A few months ago I hosted a dinner party for about ten of our customers in Los Angeles. During the dinner our customers compared war stories of infrastructure problems they had encountered and discussed various strategies for negotiating with vendors for better prices, and also how to increase their system reliability while not breaking their budgets. I was astonished by how many of these customers were playing with ZFS at the time but I never expected to see ZFS going mainstream so quickly.
So today when one of our customers sent me the link to this article and pointed out the solution that Arizona State University came up with I was pretty surprised.
“Some users looking for new disaster recovery tools have encountered frustration. ASU is charged with storing half a petabyte of video footage from the Apollo space missions and replicating that data between two sites for disaster recovery. ASU ran into two limitations on its NetApp filers: a 16 TB file system limit and the fact that researchers move file directories around frequently, something that can wreak havoc on performance when hundreds of terabytes of data are attached.
ASU tried NetApp’s OnTap GX product to overcome the file system limit and provide a global namespace, but Scheib grew weary of the fact that OnTap GX doesn’t support NetApp disaster recovery tools, such as SnapMirror. Scheib found other clustered NAS systems beyond his budget, especially when it meant losing investments in the NetApp storage already on the floor.
In the end, Scheib designed his own architecture using open source ZFS layered over the NetApp filers, spanning the two locations. ZFS is a 128-bit file system with an exponentially larger namespace, and its performance allows for the quick movement of folders and directories. Because ZFS spans the two sites, data replication can be accomplished by dragging folders from one directory to another. The actual migration of data over trunked Ethernet pipes takes much longer, but users still have access during the process.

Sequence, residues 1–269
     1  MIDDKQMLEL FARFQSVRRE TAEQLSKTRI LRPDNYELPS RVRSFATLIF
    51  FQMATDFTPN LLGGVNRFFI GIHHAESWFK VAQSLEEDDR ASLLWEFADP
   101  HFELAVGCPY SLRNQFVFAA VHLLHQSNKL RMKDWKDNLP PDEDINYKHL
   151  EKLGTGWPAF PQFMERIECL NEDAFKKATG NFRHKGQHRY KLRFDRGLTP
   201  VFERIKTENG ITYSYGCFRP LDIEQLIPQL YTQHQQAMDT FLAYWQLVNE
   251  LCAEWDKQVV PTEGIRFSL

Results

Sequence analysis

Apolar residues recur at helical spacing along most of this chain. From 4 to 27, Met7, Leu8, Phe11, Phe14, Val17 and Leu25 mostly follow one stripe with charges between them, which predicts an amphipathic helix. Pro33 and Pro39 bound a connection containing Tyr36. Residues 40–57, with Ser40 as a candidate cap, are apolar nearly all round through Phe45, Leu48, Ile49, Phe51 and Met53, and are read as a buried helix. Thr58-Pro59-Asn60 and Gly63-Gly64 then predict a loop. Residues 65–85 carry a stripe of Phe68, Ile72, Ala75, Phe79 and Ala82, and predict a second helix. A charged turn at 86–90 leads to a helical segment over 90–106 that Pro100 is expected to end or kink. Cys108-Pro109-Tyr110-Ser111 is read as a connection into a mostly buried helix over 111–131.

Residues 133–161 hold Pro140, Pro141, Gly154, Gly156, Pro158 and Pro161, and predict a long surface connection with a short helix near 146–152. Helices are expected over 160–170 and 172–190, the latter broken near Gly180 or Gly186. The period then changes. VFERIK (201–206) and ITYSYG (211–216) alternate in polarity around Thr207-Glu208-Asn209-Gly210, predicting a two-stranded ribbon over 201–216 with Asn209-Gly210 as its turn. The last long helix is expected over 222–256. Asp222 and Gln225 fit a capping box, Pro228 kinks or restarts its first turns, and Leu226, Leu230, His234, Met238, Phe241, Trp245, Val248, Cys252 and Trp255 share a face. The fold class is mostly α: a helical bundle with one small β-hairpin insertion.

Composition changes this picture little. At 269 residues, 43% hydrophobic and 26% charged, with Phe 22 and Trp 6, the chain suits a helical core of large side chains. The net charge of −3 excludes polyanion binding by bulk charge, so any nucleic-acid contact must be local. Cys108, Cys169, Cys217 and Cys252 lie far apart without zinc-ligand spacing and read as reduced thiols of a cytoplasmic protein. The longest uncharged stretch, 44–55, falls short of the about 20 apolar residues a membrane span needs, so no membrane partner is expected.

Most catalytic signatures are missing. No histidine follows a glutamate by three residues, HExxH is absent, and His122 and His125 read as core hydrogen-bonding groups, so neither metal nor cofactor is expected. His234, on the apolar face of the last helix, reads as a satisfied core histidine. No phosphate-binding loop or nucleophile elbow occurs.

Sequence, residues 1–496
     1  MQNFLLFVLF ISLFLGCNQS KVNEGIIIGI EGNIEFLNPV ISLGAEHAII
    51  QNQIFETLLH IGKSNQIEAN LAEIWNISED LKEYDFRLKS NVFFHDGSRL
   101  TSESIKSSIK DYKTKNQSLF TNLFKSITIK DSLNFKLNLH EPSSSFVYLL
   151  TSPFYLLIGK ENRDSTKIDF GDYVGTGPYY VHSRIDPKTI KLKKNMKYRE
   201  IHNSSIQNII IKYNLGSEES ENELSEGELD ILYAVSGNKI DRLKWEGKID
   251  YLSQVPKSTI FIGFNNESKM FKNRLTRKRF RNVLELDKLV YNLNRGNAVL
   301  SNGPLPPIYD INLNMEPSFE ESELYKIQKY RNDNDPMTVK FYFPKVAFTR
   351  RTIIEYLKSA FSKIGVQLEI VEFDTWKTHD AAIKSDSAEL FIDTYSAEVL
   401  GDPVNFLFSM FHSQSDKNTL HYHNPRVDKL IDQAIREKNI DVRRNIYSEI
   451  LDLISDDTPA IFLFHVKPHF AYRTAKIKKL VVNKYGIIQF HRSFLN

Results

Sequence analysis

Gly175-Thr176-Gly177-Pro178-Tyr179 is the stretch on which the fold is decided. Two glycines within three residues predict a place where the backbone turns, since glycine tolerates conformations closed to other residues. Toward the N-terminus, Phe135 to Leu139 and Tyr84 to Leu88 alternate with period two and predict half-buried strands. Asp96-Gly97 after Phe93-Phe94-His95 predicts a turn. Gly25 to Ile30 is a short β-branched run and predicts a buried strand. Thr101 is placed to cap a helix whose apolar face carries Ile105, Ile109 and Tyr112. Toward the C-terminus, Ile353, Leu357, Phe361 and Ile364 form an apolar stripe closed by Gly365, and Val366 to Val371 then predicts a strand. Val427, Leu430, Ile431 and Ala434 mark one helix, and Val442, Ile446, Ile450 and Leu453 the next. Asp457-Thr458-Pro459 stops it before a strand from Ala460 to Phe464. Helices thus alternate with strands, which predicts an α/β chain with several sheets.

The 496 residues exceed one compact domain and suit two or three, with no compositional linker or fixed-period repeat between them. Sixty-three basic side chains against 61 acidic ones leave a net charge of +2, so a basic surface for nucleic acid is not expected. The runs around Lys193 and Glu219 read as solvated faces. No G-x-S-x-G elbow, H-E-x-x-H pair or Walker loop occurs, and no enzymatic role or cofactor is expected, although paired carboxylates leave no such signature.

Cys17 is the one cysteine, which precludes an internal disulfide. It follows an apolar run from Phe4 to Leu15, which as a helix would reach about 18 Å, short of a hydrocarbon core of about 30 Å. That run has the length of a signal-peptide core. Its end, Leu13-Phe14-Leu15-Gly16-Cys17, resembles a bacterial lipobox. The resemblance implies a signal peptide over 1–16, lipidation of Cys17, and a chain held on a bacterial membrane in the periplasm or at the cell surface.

The irony of pairing ZFS with NetApp, when ZFS creator Sun Microsystems Inc. and NetApp are suing each other over the file system, isn’t lost on Scheib, but he isn’t concerned about that. “By the time that’s settled, I hope there will be more prepackaged alternatives to meet my particular needs.”
This really surprises me because NetApp considers ASU one of its quotable and reference clients.
“Cost savings and reliability prompted us to look to NetApp to provide a scalable storage infrastructure for the IDEAL project,” said Samuel DiGangi, assistant vice provost of Information Technology at Arizona State University. “ASU continually strives to give back to the surrounding communities, and IDEAL is the next step of that initiative, encouraging lifelong learning and eliminating educational barriers.”
“Supporting the nomination for the award was Network Appliance, Inc., a technology vendor for the project. NetApp extended its congratulations to ASU in a news release the day the award was announced. Elisa Steel, vice president of Worldwide Integrated Marketing at Network Appliance, said, “We are thrilled that ASU’s innovative approach to creating the IDEAL project has garnered them recognition.” The company’s file storage servers are one of several components of the IDEAL system, which includes equipment from IBM, Sun, Cisco, and F5 Networks.”
Perhaps NetApp started getting too expensive to maintain in 2007,
“Google has economies of scale that we don’t have,” Page said.
The university has already been able to transition two of its four full-time engineers who had managed the 4 terabyte (TB) NetApp storage system to other functions, according to Page. As soon as the migration is complete, the other two will be reassigned as well. Once the NetApp filer is also reassigned, Page said, the switch to Gmail will save the university $350,000 per year in storage, maintenance and personnel costs.”
As architectures grow more complicated storage managers are going to be put under a lot of pressure to reduce costs while maintaining reliability. Is NetApp going to be able to compete when they are being pinched on multiple sides by pressures technologies like ZFS and services like Gmail? We live in interesting times for technology companies and storage managers.